DVD info from Amazon (both films on same disk)

  • Truth About Charlie: Widescreen anamorphic 2.35:1. Same disk also includes a widescreen anamorphic 1.85:1 version of Charade.

  • The Truth About Charlie includes: feature-length commentary, deleted scenes, and a "Making-of" featurette

There are stylistic gimmicks as well, including lots of jittery facial close-ups and unnerving cuts, and the usual Tarantino scene with 20 guys in a circle all pointing their guns at one another.

The original movie may have been corny, but at least it had the elegant majesty and luxurious camera work of an old Hollywood picture. The remake had a feel of an older director trying to show he could be really hip with some jazzy new-fangled techniques. I found it irritating.

The Critics Vote on The Truth About Charlie

  • General consensus: two and a half stars. Ebert 3/4, Berardinelli 3/4, Apollo 70/100, 1.5/5.

The Critics Vote on Charade

The People Vote ...

  • IMDB summary for The Truth About Charlie. IMDb voters score it 4.8/10. Yahoo voters agree, 2.4/5
  • IMDB summary for Charade. IMDb voters score it 8.1/10, among the Top 250 of all time.
  • Box office: The Truth About Charlie was a major bomb. It grossed only five million dollars, never reaching more than 800 screens.
  • Cinema Score. The exit interviews were weak. C's from teh young demographic, D's from the oldest group, and F in the crucial 21-34 demographic.
IMDb guideline: 7.5 usually indicates a level of excellence, about like three and a half stars from the critics. 6.0 usually indicates lukewarm watchability, about like two and a half stars from the critics. The fives are generally not worthwhile unless they are really your kind of material, about like two stars from the critics. Films under five are generally awful even if you like that kind of film, equivalent to about one and a half stars from the critics or less, depending on just how far below five the rating is.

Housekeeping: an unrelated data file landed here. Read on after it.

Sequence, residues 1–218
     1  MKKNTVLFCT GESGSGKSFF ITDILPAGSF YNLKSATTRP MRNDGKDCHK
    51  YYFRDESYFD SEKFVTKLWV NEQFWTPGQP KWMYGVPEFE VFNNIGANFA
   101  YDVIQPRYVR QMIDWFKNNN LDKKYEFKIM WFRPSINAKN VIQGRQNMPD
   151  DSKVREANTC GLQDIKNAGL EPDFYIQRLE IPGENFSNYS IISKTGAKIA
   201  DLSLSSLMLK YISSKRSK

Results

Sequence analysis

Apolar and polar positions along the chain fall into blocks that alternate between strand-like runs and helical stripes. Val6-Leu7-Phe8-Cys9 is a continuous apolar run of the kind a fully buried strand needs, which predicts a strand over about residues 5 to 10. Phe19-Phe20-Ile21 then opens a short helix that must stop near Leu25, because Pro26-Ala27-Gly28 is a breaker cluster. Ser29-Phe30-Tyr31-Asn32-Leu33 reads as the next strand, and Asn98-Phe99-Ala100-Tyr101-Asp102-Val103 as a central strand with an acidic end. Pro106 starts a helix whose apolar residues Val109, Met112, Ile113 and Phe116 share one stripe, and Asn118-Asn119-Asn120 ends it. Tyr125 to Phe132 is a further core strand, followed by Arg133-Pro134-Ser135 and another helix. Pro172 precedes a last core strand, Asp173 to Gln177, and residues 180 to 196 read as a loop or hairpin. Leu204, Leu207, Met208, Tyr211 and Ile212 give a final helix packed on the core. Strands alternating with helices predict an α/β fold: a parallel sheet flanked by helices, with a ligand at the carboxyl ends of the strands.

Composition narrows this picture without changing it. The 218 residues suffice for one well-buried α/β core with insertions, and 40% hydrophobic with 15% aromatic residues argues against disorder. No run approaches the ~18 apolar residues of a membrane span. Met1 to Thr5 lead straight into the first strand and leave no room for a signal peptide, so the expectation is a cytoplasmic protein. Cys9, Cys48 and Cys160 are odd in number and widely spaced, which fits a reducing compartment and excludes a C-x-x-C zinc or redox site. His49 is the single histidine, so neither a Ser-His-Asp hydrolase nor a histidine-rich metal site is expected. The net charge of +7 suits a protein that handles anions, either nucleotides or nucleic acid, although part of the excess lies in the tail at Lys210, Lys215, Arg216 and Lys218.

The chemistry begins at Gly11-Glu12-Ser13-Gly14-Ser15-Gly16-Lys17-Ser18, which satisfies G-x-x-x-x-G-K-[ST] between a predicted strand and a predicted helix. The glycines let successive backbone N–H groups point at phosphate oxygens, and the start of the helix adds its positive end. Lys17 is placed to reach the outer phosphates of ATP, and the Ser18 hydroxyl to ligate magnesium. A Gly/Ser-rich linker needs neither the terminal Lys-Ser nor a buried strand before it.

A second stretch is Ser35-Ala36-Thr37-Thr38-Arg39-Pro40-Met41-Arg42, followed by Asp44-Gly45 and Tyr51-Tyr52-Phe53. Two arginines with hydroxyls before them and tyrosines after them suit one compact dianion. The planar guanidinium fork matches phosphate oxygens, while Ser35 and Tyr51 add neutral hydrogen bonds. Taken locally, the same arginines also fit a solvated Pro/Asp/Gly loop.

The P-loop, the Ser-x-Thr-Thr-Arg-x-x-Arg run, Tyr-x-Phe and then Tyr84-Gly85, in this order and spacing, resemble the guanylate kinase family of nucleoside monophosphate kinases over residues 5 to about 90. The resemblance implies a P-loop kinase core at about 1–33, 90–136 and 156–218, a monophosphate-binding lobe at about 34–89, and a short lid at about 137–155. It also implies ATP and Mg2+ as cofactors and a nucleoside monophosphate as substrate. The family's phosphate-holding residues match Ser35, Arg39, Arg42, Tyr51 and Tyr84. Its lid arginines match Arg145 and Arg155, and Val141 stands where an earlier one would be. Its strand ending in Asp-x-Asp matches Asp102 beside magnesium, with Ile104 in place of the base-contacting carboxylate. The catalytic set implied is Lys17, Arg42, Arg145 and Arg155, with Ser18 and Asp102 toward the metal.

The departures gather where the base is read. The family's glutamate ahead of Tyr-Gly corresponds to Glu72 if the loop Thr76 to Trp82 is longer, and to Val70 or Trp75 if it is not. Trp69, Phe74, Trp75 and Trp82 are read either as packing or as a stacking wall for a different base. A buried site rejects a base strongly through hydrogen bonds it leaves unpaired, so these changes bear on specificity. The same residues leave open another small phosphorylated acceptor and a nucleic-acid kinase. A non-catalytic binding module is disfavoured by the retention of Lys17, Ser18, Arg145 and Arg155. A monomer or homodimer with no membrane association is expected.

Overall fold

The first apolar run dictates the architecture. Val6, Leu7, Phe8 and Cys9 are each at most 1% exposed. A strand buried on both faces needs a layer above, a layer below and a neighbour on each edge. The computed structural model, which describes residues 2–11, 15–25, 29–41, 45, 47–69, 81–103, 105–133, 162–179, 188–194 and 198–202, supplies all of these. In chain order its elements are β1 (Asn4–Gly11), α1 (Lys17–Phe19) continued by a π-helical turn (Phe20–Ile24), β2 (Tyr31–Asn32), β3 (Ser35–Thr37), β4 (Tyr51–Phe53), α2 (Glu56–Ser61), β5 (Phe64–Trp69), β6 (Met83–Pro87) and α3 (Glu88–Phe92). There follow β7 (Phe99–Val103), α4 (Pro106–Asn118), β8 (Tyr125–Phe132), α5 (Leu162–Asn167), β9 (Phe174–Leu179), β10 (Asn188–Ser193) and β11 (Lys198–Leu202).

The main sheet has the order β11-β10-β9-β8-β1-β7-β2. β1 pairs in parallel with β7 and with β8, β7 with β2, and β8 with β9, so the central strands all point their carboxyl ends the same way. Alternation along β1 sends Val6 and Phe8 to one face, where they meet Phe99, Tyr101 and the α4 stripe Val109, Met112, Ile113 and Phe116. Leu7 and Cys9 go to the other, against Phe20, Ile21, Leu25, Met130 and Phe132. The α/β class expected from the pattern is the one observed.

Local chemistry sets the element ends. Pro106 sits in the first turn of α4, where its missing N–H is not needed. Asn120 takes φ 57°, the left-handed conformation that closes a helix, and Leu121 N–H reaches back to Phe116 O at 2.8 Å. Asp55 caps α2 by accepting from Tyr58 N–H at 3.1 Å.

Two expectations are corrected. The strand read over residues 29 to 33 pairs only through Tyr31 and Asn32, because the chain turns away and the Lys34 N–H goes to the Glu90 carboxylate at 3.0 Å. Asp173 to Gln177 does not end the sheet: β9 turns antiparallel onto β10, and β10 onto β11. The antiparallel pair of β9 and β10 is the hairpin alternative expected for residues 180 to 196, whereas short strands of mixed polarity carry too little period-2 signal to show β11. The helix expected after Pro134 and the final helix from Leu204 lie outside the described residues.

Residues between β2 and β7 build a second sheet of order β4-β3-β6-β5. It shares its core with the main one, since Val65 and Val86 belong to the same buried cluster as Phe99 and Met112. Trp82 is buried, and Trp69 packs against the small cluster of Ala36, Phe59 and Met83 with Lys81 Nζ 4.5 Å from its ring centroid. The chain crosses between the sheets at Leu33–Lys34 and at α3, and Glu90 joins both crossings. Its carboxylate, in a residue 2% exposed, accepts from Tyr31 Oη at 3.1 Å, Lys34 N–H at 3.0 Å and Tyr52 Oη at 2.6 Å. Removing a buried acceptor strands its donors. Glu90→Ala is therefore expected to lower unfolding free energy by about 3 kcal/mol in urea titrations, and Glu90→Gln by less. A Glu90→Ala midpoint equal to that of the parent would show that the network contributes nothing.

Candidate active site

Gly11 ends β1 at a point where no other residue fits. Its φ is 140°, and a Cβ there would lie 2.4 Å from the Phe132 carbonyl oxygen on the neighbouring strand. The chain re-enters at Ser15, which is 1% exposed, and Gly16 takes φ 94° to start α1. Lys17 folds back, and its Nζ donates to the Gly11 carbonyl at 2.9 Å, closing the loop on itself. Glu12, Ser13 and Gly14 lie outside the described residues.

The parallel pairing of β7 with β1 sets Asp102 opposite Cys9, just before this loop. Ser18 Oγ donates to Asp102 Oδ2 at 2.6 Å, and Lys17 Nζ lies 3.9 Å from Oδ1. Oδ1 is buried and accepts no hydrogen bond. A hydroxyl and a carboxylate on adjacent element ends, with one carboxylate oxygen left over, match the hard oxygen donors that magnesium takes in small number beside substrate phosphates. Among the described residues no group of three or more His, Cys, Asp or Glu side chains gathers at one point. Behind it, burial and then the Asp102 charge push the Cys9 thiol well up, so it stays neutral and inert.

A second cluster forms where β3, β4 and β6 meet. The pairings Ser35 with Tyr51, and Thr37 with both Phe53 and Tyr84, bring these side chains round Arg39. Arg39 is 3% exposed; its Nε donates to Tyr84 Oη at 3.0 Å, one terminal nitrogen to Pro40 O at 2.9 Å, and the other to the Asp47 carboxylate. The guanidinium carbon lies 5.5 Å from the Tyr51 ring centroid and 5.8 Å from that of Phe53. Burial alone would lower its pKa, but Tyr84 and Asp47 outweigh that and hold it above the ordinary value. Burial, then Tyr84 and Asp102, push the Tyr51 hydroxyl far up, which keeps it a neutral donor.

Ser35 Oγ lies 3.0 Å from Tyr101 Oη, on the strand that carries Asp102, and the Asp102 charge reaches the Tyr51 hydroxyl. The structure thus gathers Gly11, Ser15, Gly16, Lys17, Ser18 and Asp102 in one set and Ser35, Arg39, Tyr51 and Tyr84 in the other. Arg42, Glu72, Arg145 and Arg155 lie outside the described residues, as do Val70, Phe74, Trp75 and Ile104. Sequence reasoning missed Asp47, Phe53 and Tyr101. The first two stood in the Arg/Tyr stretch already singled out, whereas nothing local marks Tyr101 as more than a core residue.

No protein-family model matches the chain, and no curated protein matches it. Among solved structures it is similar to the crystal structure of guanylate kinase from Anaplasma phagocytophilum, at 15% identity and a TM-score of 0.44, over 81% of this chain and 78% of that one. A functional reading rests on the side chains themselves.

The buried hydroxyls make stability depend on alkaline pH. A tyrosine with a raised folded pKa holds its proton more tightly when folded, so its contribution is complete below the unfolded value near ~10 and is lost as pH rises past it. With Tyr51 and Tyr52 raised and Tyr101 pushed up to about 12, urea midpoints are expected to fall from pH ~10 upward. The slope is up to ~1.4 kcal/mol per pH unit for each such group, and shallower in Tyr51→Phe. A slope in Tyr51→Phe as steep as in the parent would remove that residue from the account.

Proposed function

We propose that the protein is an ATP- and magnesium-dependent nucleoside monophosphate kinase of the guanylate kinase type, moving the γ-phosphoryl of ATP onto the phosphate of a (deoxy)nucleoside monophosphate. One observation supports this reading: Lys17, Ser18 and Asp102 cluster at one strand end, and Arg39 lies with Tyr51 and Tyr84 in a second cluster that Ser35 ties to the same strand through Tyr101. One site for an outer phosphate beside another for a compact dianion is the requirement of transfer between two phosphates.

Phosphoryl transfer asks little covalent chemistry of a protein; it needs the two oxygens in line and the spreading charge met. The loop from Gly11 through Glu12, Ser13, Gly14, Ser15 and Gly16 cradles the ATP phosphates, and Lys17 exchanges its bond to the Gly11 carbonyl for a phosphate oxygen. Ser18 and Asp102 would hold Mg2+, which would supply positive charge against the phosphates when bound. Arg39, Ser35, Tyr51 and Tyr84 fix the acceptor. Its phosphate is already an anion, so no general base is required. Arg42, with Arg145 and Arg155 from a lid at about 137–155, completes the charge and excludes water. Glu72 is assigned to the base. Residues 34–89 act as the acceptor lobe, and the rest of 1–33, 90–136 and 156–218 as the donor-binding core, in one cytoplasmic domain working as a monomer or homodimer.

My own guideline: A means the movie is so good it will appeal to you even if you hate the genre. B means the movie is not good enough to win you over if you hate the genre, but is good enough to do so if you have an open mind about this type of film. C means it will only appeal to genre addicts, and has no crossover appeal. D means you'll hate it even if you like the genre. E means that you'll hate it even if you love the genre. F means that the film is not only unappealing across-the-board, but technically inept as well.

Based on this description, The Truth About Charlie is a C-. Competent, but unengaging remake, not worth seeing instead of the original. In fact, it is a very disappointing effort from director Jonathan Demme. Charade is a B-. It is overrated at IMDb, but you have to love the cast: Cary Grant, Audrey Hepburn, James Coburn, Walter Matthau, George Kennedy